Dear Grandparenting: Spring is breaking and we’re all coming alive again. People are emerging from their winter cocoons and finally getting outdoors to enjoy the sunshine. Mother Nature keeps putting on the greatest show on earth.
My grandson David’s idea of the outdoors is the distance he must travel to get from his house to the car. He must be the laziest lump in the western hemisphere. David has no interest whatsoever in anything outside. The first thing he does when he finds himself outdoors is to complain that it’s too hot or too cold. Happens every time! About the only place my grandson is comfortable is inside his hermetically sealed world with his chubby face staring into some contraption like a computer or cell phone.
I know you’ve heard this all before, but now it’s my turn. It is pathetic how David’s generation (he is 12) is so content doing little or nothing. It’s like they don’t even need their legs for all that much. They’re missing out on healthy exercise and the greatest show on earth. Thank you for hearing me out. Deuce, San Diego, California
Dear Deuce: Are today’s young grandchildren the most sedentary generation ever? You won’t get any argument from us on that point. When grandchildren are awake in this day and age, they are either online or headed in that direction. According to multiple studies, America’s teens spend an average of eight or nine hours each day using their various digital technology devices, not counting school work. Adolescents are not far behind.
Getting out into the real outdoors has become so problematic. Wander too far off and you run the risk of dropping off the grid and losing touch. What good are gadgets then? Why go to all that trouble in the first place when tens of thousands of enchanting virtual worlds are just a few computer clicks away?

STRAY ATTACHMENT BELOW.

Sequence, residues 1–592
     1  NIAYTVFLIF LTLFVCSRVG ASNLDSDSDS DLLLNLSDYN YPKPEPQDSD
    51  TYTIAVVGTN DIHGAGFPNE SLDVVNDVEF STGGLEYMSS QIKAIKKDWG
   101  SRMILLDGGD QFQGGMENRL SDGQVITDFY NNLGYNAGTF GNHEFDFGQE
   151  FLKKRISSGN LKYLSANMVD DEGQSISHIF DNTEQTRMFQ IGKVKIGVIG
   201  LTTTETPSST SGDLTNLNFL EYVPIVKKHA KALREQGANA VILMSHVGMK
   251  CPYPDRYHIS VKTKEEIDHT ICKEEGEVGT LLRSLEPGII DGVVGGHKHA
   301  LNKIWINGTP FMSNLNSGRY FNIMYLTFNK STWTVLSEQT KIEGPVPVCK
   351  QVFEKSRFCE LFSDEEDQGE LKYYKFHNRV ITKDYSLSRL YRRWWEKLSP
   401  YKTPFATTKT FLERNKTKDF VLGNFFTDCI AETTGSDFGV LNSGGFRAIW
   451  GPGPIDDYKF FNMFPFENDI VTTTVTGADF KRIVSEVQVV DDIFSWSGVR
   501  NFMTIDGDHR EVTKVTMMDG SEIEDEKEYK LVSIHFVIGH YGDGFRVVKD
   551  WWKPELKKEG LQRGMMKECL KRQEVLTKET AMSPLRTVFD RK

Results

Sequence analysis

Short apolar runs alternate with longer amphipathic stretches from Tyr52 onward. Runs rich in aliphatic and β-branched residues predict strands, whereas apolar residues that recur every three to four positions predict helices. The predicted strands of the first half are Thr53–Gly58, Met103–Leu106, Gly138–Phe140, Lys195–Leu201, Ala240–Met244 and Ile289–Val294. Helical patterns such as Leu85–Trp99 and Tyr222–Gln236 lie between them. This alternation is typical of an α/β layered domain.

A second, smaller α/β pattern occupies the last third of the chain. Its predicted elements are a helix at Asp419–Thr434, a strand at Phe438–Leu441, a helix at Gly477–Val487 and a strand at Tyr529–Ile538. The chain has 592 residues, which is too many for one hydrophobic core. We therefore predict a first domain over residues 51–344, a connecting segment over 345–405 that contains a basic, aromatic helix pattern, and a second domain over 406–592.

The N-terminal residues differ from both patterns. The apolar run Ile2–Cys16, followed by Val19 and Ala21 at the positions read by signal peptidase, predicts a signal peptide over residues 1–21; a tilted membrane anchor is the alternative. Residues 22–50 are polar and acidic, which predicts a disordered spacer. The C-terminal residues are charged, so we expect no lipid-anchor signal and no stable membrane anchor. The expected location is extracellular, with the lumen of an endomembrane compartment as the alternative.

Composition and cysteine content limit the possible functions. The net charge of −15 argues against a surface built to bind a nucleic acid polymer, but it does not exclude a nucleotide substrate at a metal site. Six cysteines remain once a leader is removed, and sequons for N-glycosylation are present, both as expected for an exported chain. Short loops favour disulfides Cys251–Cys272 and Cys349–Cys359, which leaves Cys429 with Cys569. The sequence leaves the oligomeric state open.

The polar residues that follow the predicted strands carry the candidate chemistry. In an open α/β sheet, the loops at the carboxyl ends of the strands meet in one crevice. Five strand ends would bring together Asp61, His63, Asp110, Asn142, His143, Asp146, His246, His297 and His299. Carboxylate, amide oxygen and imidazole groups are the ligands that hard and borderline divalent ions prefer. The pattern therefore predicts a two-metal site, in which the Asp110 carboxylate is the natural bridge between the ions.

That’s why America and other developed nations are producing bumper crops of grandchildren resembling pale flabby lumps. It’s not so much an aversion to nature and exercise as a simple matter of priorities and convenience. Your grandson is right in step with friends in his social networks. We bet they have the same habits.
Peer groups are the dominant influence in the lives of 12-year-olds. The trick is finding another young, nature-loving, outdoor enthusiast who can coax your grandson out of his cocoon, or wait until his peer group changes and hope for the best. Otherwise, about the best you can do is to drag your grandson into the great out of doors kicking and screaming.
GRAND REMARK OF THE WEEK
Eunice Blankenship from Philadelphia, Pennsylvania, was worried about how granddaughter Shelby, 7, would get along with the new babysitter, a high school student.
“It was all good, Granny,” said Shelby. “She was more interested in playing with me than watching TV or yakking on the phone, just like you are.”
Dee and Tom, married more than 50 years, have eight grandchildren. Together with Key, they welcome questions, suggestions and Grand Remarks of the Week. Send to P.O. Box 27454, Towson, MD, 21285. Call 410-963-4426.